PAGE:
Next week is Bike to Work Week, and there are so many good reasons to support and encourage your employees to bike to work - really, not just for this one week, but on an ongoing basis. It's a safe, low impact aerobic activity that can bolster your wellness program and yield health benefits for your work force. In a difficult economic time, it can help your employees to save money and possibly earn tax credits. And switching from fuel-powered commuting to human-powered commuting is good for the environment. Oh, and did we mention that it's fun? There are many more reasons for your employees to start biking now.

To help support Bike Month 2010 and Bike to Work Week, we've compiled some employer-focused resources:

The League of American Bicyclists has some excellent resources to get you started. They offer a 16-page step-by-step guide for creating a Bike Month event, including ideas specifically around biking to work. Some of these plans call for starting in February, so you may want to file this publication away for next year, but there are some creative suggestions that can be used now. As part of their "Bicycle Friendly Businesses" program, the League also provides technical assistance for employers. Also see their list of ways that employers can encourage bike-commuting employees.

The Network of Employers for Traffic Safety has a page of terrific practical suggestions and resources for creating a bicycle-friendly workplace. And at GreenBiz.com, Caitlin Dorsey offers Ten Ways to Make Your Business Bike-Friendly. It's worth reading her full suggestions, but we've summarized her pointers here:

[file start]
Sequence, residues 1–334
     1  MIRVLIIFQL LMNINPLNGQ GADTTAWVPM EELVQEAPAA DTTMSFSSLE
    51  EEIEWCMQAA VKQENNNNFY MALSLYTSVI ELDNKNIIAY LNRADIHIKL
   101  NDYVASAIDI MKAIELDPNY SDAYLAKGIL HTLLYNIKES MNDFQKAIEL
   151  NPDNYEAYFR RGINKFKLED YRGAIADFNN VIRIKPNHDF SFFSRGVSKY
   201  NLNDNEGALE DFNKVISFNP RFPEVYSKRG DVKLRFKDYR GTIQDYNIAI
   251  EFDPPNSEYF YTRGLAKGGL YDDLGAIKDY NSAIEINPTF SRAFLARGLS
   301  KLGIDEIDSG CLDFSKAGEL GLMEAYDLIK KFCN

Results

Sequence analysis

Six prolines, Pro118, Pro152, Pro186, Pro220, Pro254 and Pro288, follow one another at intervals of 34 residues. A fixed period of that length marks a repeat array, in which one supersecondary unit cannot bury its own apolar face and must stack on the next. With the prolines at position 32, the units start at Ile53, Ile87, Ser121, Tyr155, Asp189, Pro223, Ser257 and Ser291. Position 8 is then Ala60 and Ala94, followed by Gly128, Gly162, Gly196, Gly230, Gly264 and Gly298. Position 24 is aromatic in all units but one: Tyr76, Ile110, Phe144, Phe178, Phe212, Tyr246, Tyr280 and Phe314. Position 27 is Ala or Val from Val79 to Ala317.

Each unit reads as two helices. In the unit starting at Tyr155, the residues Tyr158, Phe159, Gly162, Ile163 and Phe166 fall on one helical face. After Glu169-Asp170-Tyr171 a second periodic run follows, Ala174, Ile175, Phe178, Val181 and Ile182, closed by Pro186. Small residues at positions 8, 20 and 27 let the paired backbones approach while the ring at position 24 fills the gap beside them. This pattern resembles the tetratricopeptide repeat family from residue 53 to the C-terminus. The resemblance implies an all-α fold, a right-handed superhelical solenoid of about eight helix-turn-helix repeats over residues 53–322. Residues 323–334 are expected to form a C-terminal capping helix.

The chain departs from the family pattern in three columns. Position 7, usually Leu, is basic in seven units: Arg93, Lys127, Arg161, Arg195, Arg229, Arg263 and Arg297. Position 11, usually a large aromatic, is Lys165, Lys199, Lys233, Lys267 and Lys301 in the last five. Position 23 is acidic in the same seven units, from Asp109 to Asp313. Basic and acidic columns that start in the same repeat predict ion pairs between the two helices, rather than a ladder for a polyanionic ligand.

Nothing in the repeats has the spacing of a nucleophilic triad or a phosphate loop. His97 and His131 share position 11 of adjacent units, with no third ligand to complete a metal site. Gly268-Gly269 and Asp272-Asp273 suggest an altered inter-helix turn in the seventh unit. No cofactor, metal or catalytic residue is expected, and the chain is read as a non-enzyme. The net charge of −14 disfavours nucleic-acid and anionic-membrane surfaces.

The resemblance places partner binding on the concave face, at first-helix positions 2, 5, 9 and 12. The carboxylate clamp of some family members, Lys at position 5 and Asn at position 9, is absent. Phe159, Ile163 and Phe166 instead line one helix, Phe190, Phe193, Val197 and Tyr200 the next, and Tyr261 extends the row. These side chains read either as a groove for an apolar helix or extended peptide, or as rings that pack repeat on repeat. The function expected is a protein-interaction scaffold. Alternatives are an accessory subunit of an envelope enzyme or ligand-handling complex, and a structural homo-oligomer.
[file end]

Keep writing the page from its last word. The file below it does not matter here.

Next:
1. Install bicycle racks in front of your business.
2. Participate in Bike-to-Work Week.
3. Offer cyclist discounts.
4. Keep a "loaner" lock on hand.
5. Use bicycle couriers.
6. Offer safe cycling training for employees.
7. Guarantee emergency rides home.
8. Make space available inside your workplace for bicycle parking.
9. Shower facilities.
10. Cash or in-kind incentives for bicyclists.

Learn about the The Bicycle Commuter Act and ways that your employees can potentially get tax credits through the Bicycle Commuter Tax Provision

Check out this map of bicycle friendly communities to see if your community is on the list.

Biker education and safety resources you can share with your employees:
How you can ride better
Bicycle Helmet Safety Institute
NHTSA Bicycle Safety Tips for Adults (video)

May 4, 2010

Interview question-palooza

Whether you're an HR pro who has interviewed more candidates than the entire population of Liechtenstein or whether you've a newcomer to the field, we think you will find some useful tools at Susan Heathfield's excellent compilation of job interview resources at About.com Guide. Kudos to Susan on her 10 year anniversary - she's been consistently providing quality online information for human resource professionals since 1990, and in this topic, she doesn't disappoint.

Here are a few of the resources we found noteworthy:
Sample Job Interview Questions - pages of them for varying situations. Don't miss reader suggestions.
Illegal interview questions
Candidate telephone screening
Using behavioral interviews to select the best

Unusual Interview Questions